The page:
Tag: danish blue
Blue Cheese: Everything You Need to Know
What is blue cheese?
Blue Cheese is a generic term for cheeses that have had Penicillium cultures added creating dark blue or blue-grey veins throughout the cheese. It can be made from cow, sheep, or goat’s milk and is typically aged in a temperature and moisture-controlled environment like a cave.
How was blue cheese discovered?
Blue Cheese is said to have been discovered by accident. Cheeses in Europe were aged in high moisture caves which are also an ideal environment to produce mold. Gorgonzola dates back to around 879 AD and Roquefort was invented in 1070. Subsequent Blue cheeses were invented to fill the demand for Roquefort like cheeses. We prefer Danish blue, as it is more moderate in its sharpness and more creamy.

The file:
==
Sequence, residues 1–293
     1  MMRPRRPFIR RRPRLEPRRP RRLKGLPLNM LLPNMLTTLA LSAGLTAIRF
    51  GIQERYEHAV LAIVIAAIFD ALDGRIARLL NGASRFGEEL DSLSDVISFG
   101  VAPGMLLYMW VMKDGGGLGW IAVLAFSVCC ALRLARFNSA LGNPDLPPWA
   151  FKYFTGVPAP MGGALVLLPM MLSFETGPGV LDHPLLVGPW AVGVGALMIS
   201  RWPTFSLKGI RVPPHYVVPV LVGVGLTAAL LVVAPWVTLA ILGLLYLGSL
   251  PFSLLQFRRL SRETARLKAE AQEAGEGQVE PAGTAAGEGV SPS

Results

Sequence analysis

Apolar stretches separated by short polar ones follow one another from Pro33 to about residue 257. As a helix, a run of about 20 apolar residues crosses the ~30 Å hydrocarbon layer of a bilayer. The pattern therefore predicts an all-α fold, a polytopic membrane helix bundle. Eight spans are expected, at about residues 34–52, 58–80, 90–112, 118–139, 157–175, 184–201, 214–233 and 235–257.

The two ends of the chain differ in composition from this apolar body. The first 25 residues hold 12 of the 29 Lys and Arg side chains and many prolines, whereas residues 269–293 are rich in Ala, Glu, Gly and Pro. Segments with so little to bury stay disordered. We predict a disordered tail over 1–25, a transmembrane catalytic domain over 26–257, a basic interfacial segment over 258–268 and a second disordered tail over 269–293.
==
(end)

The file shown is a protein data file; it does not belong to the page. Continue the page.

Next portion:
What does it taste like?
The characteristic flavor of blue cheese is usually sharp and salty, but levels of sharpness vary by region. It can be eaten by itself or crumbled or melted over foods. We know that blue cheese can divide opinion, so we’ve put together a list of tips that will help you to appreciate it!
Serve it at the right temperature
The unique flavor of blue cheese is best appreciated at room temperature to allow the flavors and textures to be enhanced. This goes for most cheeses: they should not be served straight from the fridge if you want to truly enjoy them.
Serve it with the right drinks pairing
Blue cheeses are strong, rustic-flavored cheeses and go best with similarly strong, flavored foods and drinks, and with tannic red wines such as Cabernet Sauvignon, Pinot Noir, Syrah, Zinfandel, and even Port. For beer lovers, the cheese compliments porters and stouts perfectly. It also pairs very well with Scotch, which is why we offer it with our Scotch collection.